Yep late late late again, but the mood has taken me,( after reading around some of the other blogs I visit), to write. So late for both "Sunday Scribblings" of last week and also for "Monday Memories", here is a story.
Both of these great prompt sites are on my favorite reads side bar, click on the links to go have a read.
I wanted to share a view of a man I remember, names changed of course. Though he is gone now I believe.
His name can be Trevor, for this story.
Trevor was in the nursing home side of the hospital I worked in, a long term patient, which usually meant that he was there to be looked after until he was no more. He was a minister of religion and due to alcohol related disease still thought that he was. He would minister to the other patients and staff and pretend that that was his job. He believed it was. He was a strange mixture, showing himself straight and upright, but when you went around the corner and he believed you out of sight and earshot he would cry for his mother like a baby and fall into his own personal hell. A hell be-known only to himself for he chose not to share it with us.
Trevor was an educated man and his room was filled with books of different types from novels to poetry, philosophy and religion. In fact it was quite a cluttered mess, paper every where in all forms. A real pain to do the bi-weekly dust and clean in there and the daily vacuum as things were placed in piles on each flat surface and every corner of the floor and he didn't like them disturbed. Supposedly because he knew where to find his things that way. He barely had room to get around them and settle his large frame into the lounge chair in the corner.
But they were his.
I remember his ex wife, they were long separated and I only saw her visit twice in the time he was with us. She was a real old tartar, but due to circumstance I am sure she had lots of her own stories to tell. They had two sons, one of which was estranged from his father, the other of which Trevor thought very highly had been brain damaged in a car accident many years earlier. Trevor spoke of him often and of the horrible phone call he received from the hospital when the accident occurred. Of how he was reluctant and traveled slowly, hesitantly, to the hospital where his son lay horribly injured, afraid to see and learn of the extent of his injury. He visited his father often and we could see that he must have been an intelligent boy before his accident. He was able to calm and reason with his father where others failed and they would talk literature together. Trevor could become violent, not so much physically but verbally though capability of the physical was not beyond him.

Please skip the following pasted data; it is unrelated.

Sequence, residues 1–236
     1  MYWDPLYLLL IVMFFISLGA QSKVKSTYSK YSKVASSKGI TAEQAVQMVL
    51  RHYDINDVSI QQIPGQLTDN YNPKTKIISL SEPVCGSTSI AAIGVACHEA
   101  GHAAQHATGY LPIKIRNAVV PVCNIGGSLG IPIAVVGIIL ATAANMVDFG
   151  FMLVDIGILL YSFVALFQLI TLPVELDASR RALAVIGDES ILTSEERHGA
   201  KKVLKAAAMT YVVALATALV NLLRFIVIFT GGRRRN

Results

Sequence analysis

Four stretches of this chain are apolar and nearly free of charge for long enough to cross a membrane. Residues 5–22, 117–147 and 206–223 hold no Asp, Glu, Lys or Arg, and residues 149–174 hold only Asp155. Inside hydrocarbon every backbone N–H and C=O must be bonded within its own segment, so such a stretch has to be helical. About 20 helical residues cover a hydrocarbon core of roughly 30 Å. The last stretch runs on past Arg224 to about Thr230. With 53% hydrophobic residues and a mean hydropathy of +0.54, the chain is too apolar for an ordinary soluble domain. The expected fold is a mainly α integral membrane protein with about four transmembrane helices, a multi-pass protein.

The patient across the hall from him had a running battle with Trevor. They hated each other with a passion but neither of them was willing to be moved to another ward as that would have been giving in. No there was no way either would do that. So (lets call him Harry) would sit in his doorway and glare at Trevor until Trevor either got up and walked out to the dining room or got so annoyed that he would threaten Harry and call him names. It was obvious to the staff that they enjoyed themselves. It was quite funny really, these two old guys, showing their aggression and neither willing to concede to the other. Trevor called Harry "The cockatoo". It is an Aussie saying meaning "The lookout" or sticky beak and Harry would antagonise Trevor by being the quintessential. Cockatoos always post a bird as lookout to warn the other birds of danger while they feed on the ground, and to the call, they all take off and away to safety. Hahaha.